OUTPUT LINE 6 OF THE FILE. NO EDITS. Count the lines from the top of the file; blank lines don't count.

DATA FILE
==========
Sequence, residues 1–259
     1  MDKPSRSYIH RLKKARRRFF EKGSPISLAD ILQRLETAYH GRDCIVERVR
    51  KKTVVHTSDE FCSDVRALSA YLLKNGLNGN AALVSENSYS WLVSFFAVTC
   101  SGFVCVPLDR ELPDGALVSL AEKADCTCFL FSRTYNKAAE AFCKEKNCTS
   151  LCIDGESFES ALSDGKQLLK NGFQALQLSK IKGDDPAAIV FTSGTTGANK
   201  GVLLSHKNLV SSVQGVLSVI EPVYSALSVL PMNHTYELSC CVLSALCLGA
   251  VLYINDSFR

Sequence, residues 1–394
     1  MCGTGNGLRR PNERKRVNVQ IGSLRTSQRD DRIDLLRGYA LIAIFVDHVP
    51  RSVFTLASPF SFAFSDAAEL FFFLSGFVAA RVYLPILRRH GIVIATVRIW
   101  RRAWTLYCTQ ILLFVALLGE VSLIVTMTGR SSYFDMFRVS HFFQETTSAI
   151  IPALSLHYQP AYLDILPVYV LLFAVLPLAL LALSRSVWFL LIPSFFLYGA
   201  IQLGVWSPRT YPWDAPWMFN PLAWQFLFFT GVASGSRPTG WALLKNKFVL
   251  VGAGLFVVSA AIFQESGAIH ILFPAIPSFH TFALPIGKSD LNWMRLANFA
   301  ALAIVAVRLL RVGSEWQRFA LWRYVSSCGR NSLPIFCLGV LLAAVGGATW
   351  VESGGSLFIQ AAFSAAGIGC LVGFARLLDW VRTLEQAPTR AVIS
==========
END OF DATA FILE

   201  GVLLSHKNLV SSVQGVLSVI EPVYSALSVL PMNHTYELSC CVLSALCLGA